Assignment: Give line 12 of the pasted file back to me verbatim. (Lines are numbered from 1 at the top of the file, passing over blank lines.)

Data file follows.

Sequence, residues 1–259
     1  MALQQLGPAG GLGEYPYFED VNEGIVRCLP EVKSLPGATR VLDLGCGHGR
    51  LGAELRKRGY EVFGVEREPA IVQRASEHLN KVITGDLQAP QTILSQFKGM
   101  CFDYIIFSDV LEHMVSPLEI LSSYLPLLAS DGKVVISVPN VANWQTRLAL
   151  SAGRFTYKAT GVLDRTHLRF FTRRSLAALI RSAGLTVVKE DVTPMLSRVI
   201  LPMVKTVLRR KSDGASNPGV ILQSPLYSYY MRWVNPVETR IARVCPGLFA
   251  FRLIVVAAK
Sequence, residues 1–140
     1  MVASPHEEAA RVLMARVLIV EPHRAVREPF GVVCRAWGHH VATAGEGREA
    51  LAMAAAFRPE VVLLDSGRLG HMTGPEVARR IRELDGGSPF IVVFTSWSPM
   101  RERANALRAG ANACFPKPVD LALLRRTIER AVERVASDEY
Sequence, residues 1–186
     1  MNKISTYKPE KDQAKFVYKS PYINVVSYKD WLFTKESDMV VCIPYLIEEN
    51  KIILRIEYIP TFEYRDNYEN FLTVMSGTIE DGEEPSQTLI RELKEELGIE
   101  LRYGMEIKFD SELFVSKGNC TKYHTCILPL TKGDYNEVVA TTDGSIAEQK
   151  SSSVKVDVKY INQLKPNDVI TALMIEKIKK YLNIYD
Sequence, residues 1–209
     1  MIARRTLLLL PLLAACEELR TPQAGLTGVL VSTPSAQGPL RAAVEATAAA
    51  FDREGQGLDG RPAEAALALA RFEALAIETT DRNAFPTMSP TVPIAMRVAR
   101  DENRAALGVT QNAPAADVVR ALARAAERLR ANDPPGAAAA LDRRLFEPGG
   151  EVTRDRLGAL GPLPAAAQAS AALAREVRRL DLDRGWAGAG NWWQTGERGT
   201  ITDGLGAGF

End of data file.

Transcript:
Sequence, residues 1–186